Leslie Patricelli didn’t keep junk food in the house when her three kids were toddlers, but the goofy, bald baby in her board book “Yummy Yucky” grins from ear to ear over chocolate sauce and cookies. The prolific picture book writer also included pepperoni pizza as a positive, acknowledging in a recent interview that some of her empty calorie imagery for kids too young to seek out sugary and fatty foods on their own have earned her a kvetch or two from parents. “If I were to do it again I would probably make a few different choices, but I don’t think I would leave everything out,” said Patricelli, in Hailey, Idaho. “All you have to do is watch a kid eat a piece of cake to know that they’re in heaven.” Heaven, indeed, especially when it comes to an abundance of frothy pink cupcakes, chocolate chip cookies and candy in books aimed squarely at babies, toddlers and preschoolers who may not be intimate with the meaning of moderation. But some authors and publishers are focused on creating alternatives to c-is-for-cupcake picture books for parents struggling to promote broccoli. Even Cookie Monster sometimes eats smarter, chowing down on celery and demonstrating smaller portions of his namesake treats in “Ding Dong, Elmo’s Here!” and other books from the folks on “Sesame Street.” “Food is everywhere kids turn,” said Betsy Loredo, executive editor for Sesame Workshop’s publishing group. “So it’s natural for us to want to think of ways we can integrate that and make choices that are healthier. We try to go for at least equity.” “Sesame Street,” with an appearance by obesity fighter and first lady Michelle Obama, took on nutrition and exercise as an initiative back in 2004. The effort expanded to other divisions and special projects that included distribution of kits to six million families and child care centers offering ways to eat healthy on a budget and educate parents on the difference between “sometime food” and “anytime food.” With the childhood obesity rate tripling in the past 30 years to 1 in 3 children in the United States overweight or obese, books with healthy eating pictures and messages may not be everything, but they’re something, advocates said. Sesame Workshop, for instance, concluded in a 2010 study that when children are shown fruits and vegetables linked with favorite characters from the show they choose those foods at a much higher rate and eat more of them, according to Sesame researcher Jennifer Kotler. Even broccoli, she laughed. “Something happens between 3 and 5 where there’s a growing awareness of what healthy means. Where 3-year-olds like the foods they like, 5-year-olds know things they might choose might not always be the healthiest,” Kotler said. David Goldbeck in Woodstock, N.Y., isn’t an absolutist, but he does care about what kids see in their books when it comes to food. He wants more of them to eat fruits and vegetables, so he co-wrote an alphabet book that puts broccoli and yams in equally healthy company. The Michigan Fitness Foundation, which is home to that state’s Governor’s Council on Physical Fitness, Health and Sports, uses Goldbeck’s “The ABC’s of Fruits and Vegetables and Beyond” in take-home book bags that are part of a health literacy program in more than 400 public elementary schools, said Marci Kelly Scott, the organization’s vice president for health programs. The book includes an alphabet format with illustrations (E is for eggplant!) but also history, fun facts and recipes for older kids. Scott ordered 500 of the books in 2008 and routinely reorders to keep up her supplies. In this alphabet world, C is for carrots, D is for date, as in the “desert fruit found in Kuwait,” and O is for organic.
Arizona’s favorable economic and sustainability benefits will be the focus of the 14th annual Global Links Business Outlook luncheon, 11:30 a.m. to 1:30 p.m. on Wednesday, June 5 at the Phoenix Convention Center West Building, 100 N. Third St., Room W 101.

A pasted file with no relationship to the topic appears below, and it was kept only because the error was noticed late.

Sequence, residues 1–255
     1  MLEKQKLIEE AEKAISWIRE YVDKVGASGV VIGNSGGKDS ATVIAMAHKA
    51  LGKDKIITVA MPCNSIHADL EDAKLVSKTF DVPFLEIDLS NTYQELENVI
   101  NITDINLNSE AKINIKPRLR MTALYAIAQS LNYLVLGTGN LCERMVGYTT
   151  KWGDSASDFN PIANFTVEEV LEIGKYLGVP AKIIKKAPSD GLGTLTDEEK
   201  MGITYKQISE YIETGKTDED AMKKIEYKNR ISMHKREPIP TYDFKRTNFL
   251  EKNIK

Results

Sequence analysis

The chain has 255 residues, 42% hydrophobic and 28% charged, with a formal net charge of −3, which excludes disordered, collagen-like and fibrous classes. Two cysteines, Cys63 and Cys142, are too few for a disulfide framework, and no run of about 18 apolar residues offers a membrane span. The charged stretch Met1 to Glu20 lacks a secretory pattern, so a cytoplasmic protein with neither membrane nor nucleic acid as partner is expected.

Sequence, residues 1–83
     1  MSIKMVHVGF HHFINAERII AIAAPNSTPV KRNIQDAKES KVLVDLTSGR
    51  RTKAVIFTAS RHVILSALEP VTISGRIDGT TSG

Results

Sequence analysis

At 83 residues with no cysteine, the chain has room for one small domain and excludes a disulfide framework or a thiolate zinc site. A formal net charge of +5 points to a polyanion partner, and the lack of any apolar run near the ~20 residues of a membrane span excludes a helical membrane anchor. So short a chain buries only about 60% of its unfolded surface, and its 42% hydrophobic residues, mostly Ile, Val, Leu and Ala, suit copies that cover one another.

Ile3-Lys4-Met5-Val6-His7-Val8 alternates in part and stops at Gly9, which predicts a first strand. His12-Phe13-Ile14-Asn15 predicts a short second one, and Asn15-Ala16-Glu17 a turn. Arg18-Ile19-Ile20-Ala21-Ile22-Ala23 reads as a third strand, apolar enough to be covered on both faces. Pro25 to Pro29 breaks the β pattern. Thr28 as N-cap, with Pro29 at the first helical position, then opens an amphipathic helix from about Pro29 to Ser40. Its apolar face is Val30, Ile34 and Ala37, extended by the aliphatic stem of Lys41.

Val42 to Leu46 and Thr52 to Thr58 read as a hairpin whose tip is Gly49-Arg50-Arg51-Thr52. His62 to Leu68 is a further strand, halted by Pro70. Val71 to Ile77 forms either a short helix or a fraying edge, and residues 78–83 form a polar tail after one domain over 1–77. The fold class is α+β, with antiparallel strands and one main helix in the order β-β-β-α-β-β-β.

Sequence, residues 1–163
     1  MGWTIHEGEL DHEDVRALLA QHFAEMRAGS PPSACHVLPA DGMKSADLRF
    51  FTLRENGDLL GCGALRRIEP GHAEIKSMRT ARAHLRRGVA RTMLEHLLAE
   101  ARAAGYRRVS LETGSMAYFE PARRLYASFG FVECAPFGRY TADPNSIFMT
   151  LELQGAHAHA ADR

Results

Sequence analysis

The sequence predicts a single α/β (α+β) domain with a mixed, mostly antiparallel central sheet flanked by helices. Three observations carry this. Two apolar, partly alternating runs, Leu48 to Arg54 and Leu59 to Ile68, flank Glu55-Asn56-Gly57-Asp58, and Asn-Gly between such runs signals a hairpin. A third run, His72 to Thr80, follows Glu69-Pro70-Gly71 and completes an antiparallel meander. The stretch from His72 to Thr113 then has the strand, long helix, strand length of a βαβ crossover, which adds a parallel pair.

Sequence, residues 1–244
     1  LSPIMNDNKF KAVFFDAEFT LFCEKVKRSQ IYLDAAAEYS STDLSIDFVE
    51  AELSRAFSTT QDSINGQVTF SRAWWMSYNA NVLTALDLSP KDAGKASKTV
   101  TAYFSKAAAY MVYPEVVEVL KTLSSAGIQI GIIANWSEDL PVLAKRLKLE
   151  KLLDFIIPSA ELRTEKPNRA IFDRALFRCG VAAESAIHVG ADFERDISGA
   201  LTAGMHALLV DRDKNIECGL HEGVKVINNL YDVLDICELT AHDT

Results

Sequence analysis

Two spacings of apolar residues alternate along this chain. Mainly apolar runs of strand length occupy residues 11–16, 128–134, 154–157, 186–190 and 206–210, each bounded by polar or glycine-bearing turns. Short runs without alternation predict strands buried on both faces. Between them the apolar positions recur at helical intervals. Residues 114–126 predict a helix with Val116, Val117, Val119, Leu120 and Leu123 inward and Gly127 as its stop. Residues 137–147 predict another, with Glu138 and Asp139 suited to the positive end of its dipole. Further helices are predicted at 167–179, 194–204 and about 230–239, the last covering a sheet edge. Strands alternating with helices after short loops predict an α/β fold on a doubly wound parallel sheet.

Arizona-based Maracay Homes recently spent $4 million to design new floor plans based on consumer requests in a post recession economy. Those new floor plans — the New Arizona Living Collection — include secondary living rooms that can be used as playrooms, laundry rooms by master bedrooms and expanded outdoor spaces, said Maracay President and CEO Andy Warren.
Like most future college freshmen, Ahwatukee’s Alexis Lupercio is determined and eager to make it to every class her first semester. But the driving factor isn’t just a headstrong devotion to her education, it’s also because she’s never missed a day of school in her life. Proving that senioritis didn’t get the best of her, Lupercio, 17, recently graduated from Mountain Pointe High School and has gone through some 13 years of schooling without calling in sick or leaving town, giving her a true perfect attendance record. “It kind of just happened,” said Lupercio. “There have definitely been days where I asked my mom if I could miss school, but in the back of my head I knew I couldn’t miss.” Though she never got sick enough to stay home all of those years, Lupercio insisted on going to school albeit tiredness from late-night study sessions and light colds. Noting that both of her parents were supportive and encouraged her to keep up the record, Lupercio also credited a sense of independence. “It’s just me being independent and taking responsibility instead of relying on others,” she said, mentioning that a pet peeve of hers is asking others for class notes or making up tests. Though she was present on campus for all of her primary school years, being involved in student council as Mountain Pointe’s senior class president this year took her away from some classes for event set-up or other activities. “I was even the one who had never missed a student council meeting last year,” Lupercio said. Along with student council, Lupercio played volleyball as an underclassman and also was a member of the National Honors Society and the Language Honors Society. She also attended Kyrene de la Esperanza Elementary and Kyrene Centennial Middle schools. With a plan to study business exploratory at Arizona State University this fall, Lupercio wants to be just as involved on a new turf. “I really like being involved, I got to get to know more about the school and our other students so that was cool,” she said. “I want to see all that’s out there.” For others who might want to finish out their high school days with daily attendance, Lupercio said it’s all about responsibility. “I think anyone can do this,” she said. “It’s your responsibility to go to school, just go for it.”
© Copyright 2011, Ahwatukee Foothills News, Phoenix, AZ